When I was a kid, I always wished that Tinker Toys were life-sized so I could build a house and then live in it. I think that is why I love this project so much.   Ryan recently had a sleep-over at a friend’s house for a camping-themed birthday party.   His friend’s mom had cut some PVC pipes and provided blankets so the kids could create their own indoor sleeping tent in her living room.   It was such a hit with my kids, that we borrowed the idea and this was our first creation.   Here is how to make a play tent.

make a tentDIY Tent Supplies:

  • 10 – 1/2″ PVC plumbing pipes {they come in a 10′ length}
  • 2 – 10 piece bags of 1/2″ 90 degree ELBOW
  • 2 – 10 piece bags of 1/2″ TEE
  • Ratcheting PVC Cutter
  • 5 – Sheets

make a tent suppliesHow to Make A Tent:

  1. My friend had her local home improvement store cut the tent pipes, but my Home Depot was not that accommodating, so I purchased a Ratcheting PVC Cutter to do it myself at home.   They are very easy to use and it did give me the freedom to cut the pieces the exact size I wanted once I figured out what we were going to make.   I cut 8 of the pipes into 2 – 4′ pieces and one 2′ section.
  2. After some serious math calculations which included my 5th grader, husband and the Pythagorean theorem, I cut 2 of the longer PVC pipes into sections that were 2′ 9 7/8″ so that a 90 degree elbow could be used at the roof peaks.   I labeled these pieces with a Sharpie “R” for “roof” so they could be easily identified when needed.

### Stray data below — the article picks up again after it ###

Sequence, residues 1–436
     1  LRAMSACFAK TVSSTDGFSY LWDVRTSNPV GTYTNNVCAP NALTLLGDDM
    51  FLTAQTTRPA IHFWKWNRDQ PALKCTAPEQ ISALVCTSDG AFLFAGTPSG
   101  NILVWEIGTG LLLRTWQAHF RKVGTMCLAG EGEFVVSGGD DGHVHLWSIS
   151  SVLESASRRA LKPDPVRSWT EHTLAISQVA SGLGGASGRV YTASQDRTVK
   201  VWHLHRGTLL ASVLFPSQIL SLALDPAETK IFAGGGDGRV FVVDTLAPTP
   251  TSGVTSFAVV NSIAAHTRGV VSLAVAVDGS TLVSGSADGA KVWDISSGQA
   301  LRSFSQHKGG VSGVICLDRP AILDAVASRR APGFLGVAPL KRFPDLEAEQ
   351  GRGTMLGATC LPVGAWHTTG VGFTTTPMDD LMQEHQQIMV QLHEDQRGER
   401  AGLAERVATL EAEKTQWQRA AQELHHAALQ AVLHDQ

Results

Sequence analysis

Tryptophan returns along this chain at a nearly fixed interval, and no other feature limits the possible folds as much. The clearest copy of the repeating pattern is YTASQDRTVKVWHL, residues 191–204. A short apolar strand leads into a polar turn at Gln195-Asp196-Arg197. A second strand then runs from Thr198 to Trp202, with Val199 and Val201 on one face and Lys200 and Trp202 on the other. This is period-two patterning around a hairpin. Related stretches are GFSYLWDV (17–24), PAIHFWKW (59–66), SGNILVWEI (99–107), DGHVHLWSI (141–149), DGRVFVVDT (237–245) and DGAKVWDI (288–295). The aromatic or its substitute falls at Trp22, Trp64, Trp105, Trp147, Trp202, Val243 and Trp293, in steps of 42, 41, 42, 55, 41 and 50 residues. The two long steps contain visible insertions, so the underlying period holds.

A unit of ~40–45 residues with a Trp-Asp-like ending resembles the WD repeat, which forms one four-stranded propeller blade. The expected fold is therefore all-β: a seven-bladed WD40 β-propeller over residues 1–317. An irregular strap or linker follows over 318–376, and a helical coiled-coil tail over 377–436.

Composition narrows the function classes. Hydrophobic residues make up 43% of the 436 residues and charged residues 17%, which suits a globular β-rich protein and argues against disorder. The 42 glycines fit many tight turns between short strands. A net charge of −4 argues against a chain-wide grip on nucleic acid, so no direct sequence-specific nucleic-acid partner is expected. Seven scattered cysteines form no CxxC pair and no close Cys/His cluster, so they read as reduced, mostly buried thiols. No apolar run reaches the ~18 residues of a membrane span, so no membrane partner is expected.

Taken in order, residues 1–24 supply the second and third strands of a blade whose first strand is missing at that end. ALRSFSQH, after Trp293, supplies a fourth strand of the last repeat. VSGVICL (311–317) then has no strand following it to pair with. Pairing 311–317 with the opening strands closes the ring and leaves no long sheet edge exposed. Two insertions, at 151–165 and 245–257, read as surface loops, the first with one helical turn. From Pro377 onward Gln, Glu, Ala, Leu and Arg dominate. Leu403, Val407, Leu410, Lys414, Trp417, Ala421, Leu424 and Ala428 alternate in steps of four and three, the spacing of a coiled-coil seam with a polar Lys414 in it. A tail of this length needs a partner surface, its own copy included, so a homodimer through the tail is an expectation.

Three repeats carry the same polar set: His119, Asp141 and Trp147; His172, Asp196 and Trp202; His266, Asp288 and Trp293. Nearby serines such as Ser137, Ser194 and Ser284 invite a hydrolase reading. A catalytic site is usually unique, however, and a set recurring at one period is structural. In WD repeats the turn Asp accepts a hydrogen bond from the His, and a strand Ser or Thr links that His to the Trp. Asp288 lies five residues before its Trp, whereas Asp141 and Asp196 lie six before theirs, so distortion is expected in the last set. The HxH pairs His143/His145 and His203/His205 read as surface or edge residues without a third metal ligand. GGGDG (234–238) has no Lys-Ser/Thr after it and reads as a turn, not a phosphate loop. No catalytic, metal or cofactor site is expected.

3. Several of the smaller 2′ pieces I cut into 2″ inch pieces to be used as connectors.
  4. To make the structure shown here you would need:   12 – 4′ segments, 4 – “R” segments, 10 – 90 degree ELBOW pieces, 12 – TEE pieces and 12 – 2″ connectors {small cut piece of regular pipe}.
  5. Add sheets and move in {I learned that blankets were more likely to cause a weight shift, but could be used if a more stable structure was built}.

make a tent frameWe made several variations of this structure substituting 2′ segments for several of the WALL portions to help add stability.   If you are doing this with small children, it might be best to start with smaller pipe sections and use chairs or a tree for support since it is likely to shift and fall over with JUST this configuration.

We also started experimenting with adding cross-bars which continued the mommy math lesson to achieve that within the generic pieces of PVC available at a hardware store.

make a tent jointsBecause the PVC pipe joints are not as functional as Tinker Toy connectors, there is a little problem-solving when it comes to how to put things together.   You can see my lower and upper corners pictured here.   The TEE segments are complimented by adding a 2″ connector piece that joins the ELBOW below.   On the upper corner, two TEEs are used – one for the supporting vertical post and one at an angle for the roof.

The PVC pipes were less than $2 a piece and so were the bags of ELBOWs and TEEs.   All the PVC materials for this project was less than $25.   The PVC cutter costs around $10. The cool thing is when the boys were tired of building a tent house, they simply pushed it over and built something else with the pieces… They make decent musical instruments and awesome weapons. . Like camping?   Quirky Momma is part of a online camping community and we’d love for you to join us and tell us about your camping or travel experiences at the KOA Around the Campfire Community.

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